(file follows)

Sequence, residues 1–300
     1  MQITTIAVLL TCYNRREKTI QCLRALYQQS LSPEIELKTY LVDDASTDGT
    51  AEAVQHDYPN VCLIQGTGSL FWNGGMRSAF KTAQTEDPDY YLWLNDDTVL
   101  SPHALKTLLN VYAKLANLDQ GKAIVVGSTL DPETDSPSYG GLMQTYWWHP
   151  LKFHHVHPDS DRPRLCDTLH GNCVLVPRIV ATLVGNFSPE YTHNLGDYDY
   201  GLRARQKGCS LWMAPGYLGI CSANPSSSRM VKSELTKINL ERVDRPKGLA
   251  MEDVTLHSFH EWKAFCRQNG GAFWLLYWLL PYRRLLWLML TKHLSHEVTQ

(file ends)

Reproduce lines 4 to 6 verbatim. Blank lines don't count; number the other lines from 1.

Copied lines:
   101  SPHALKTLLN VYAKLANLDQ GKAIVVGSTL DPETDSPSYG GLMQTYWWHP
   151  LKFHHVHPDS DRPRLCDTLH GNCVLVPRIV ATLVGNFSPE YTHNLGDYDY
   201  GLRARQKGCS LWMAPGYLGI CSANPSSSRM VKSELTKINL ERVDRPKGLA